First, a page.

Tuesday, May 24, 2016

A Brief Note on "Unified Theories"

Scientists (and philosophers) have a tendency to be led by their activity and language into seeking explanations for things, but the explanations (like the questions) are empty, or anyway are not what we really want. Scientists and philosophers are correct in attempting to describe how things happen, but when they are led by their misapprehension of language into attempting to explain why things happen, then they find themselves involved with projects in which they really don't know what they are doing. 

I would not be surprised if the activity of pursuing "unified" theories is similarly credulous; and it is also unprofitable (that is, it does nothing to advance science, philosophical understanding, well-being, or wealth).

Also, I suspect that an investigation will show that the quest to answer how leads to liberalizing epistemological and political habits, while seeking answers to why leads to authoritarianism.


kururin said...

Hello, I found this post very intriguing but I haven't quite wrapped my head around it yet, possibly because English isn't my first language. Can you please elaborate a little on the difference between "how" and "why"? If I say that gravity pulls an apple down, is that a "how" explanation or a "why" explanation, and what exactly makes it such? Do you mean that it's impossible to really tell why anything happens because there is always another "why" that can be asked? (e.g. you can ask me why gravity exists, and if I point to its origin you can ask the same about that origin, etc) Or is this about something different?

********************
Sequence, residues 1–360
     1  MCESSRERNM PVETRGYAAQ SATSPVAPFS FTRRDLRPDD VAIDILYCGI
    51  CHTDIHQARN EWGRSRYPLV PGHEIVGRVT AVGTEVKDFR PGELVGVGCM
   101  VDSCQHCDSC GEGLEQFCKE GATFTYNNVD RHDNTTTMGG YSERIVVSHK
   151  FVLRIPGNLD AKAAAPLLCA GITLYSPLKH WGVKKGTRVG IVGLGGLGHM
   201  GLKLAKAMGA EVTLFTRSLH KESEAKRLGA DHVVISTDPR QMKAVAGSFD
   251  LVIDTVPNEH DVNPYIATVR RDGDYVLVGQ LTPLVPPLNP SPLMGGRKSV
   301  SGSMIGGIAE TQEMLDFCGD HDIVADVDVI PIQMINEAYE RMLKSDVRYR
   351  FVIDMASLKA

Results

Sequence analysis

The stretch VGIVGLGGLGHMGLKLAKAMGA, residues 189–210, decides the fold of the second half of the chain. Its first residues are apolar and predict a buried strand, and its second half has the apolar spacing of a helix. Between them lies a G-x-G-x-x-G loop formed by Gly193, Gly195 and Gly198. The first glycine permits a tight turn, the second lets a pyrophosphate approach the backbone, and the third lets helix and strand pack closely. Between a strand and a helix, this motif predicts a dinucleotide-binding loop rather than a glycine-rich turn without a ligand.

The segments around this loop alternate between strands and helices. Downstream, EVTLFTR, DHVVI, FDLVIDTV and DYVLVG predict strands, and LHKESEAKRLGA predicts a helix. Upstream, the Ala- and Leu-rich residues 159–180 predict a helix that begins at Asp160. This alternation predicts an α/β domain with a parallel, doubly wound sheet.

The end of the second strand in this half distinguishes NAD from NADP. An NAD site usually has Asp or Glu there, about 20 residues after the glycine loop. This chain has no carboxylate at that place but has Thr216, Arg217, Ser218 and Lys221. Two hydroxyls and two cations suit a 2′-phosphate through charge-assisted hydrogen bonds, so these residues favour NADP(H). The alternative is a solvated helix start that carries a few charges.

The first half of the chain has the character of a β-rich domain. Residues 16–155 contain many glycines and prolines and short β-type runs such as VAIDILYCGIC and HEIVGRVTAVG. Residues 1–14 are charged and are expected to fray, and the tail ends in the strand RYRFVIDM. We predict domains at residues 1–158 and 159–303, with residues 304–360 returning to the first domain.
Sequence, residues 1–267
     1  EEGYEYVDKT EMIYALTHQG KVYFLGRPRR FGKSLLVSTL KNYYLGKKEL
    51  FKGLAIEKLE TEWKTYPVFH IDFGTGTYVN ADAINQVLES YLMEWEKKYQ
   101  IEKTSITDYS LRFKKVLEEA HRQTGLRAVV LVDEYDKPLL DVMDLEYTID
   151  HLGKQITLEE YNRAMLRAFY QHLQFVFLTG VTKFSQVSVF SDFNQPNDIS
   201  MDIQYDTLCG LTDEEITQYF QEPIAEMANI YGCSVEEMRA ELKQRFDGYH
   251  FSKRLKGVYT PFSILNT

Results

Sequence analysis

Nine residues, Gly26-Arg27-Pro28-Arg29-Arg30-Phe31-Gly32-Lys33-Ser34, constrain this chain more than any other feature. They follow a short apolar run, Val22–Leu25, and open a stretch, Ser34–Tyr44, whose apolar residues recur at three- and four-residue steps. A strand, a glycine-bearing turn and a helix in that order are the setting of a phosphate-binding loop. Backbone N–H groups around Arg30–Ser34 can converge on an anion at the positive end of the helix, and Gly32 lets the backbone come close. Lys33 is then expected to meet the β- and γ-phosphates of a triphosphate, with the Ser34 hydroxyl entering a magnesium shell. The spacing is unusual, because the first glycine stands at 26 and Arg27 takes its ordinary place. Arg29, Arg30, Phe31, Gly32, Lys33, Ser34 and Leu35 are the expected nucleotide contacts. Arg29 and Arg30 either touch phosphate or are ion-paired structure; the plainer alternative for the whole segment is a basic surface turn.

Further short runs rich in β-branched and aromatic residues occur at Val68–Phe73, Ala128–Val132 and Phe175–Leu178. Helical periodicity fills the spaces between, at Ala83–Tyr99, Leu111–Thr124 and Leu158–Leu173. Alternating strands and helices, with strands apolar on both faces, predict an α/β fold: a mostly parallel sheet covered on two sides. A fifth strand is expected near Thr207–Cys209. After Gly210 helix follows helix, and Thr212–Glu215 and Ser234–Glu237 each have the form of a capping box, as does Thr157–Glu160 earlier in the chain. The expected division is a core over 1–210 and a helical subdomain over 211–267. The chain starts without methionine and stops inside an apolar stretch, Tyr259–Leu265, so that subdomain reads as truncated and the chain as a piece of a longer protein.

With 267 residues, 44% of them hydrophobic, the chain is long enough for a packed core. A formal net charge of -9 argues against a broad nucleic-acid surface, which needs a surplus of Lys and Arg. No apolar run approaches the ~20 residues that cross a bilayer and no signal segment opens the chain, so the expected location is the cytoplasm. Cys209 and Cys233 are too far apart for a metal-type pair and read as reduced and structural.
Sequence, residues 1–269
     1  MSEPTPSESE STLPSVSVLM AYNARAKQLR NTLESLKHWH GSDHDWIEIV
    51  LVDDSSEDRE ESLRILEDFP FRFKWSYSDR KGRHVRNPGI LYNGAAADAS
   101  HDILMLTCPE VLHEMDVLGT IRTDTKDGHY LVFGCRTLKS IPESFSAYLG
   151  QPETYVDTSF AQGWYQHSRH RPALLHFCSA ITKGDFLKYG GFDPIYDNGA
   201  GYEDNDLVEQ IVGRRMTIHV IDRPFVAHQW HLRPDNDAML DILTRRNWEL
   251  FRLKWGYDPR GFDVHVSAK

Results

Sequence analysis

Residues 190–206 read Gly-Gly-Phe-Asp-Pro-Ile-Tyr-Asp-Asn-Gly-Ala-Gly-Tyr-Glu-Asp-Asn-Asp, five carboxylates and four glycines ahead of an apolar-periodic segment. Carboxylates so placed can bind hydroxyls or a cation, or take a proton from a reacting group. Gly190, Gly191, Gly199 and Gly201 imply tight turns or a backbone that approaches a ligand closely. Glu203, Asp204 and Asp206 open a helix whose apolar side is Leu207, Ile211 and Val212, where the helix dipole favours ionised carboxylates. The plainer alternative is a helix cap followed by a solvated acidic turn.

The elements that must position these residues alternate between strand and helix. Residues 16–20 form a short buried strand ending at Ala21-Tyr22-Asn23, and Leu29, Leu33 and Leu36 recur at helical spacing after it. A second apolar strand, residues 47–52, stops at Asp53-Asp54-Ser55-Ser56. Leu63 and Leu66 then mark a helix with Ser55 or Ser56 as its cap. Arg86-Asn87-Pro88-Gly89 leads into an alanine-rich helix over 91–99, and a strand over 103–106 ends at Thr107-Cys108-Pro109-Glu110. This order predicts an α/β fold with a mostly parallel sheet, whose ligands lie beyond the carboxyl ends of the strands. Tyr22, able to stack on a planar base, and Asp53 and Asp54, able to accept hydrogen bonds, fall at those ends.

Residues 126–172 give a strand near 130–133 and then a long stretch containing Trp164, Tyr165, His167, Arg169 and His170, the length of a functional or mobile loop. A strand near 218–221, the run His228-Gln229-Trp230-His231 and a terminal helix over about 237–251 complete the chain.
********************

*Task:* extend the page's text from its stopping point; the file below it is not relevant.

Carter Kaplan said...

I am talking about different conversations, and much of the distinction between why and how has to do with appropriateness.

Sometimes "Why" discussions (seeking an explanati0on are perfectly appropriate:

"Why did you major in History rather than Philosophy?"

"Why did Van Gogh cut off his ear?"

Sometimes Why conversations are "inappropriate" or "awkward" or are not what we really want:

Van Gogh's paintings can be explained in therms of middle-class alienation..."

The Mona Lisa is a clear case of the objectification of women...

Similar statements/conversations seeking to understand "how" something happens, and which are more "appropriate" to the phenomenon that is being discussed:

How did Van Gogh deal with his disappointments?

How did da Vinci use paint to represent human skin?

Did da Vinci ever remark on the similarity between his face and the face of the Mona Lisa? How did he come to decide to make her similar?

Some phenomenon require an empirical explanation: Why is it hard to find cars with standard transmissions these days?

Some phenomenon require a description: I don't know anything about standard transmissions. How do you use a clutch and a stick shift?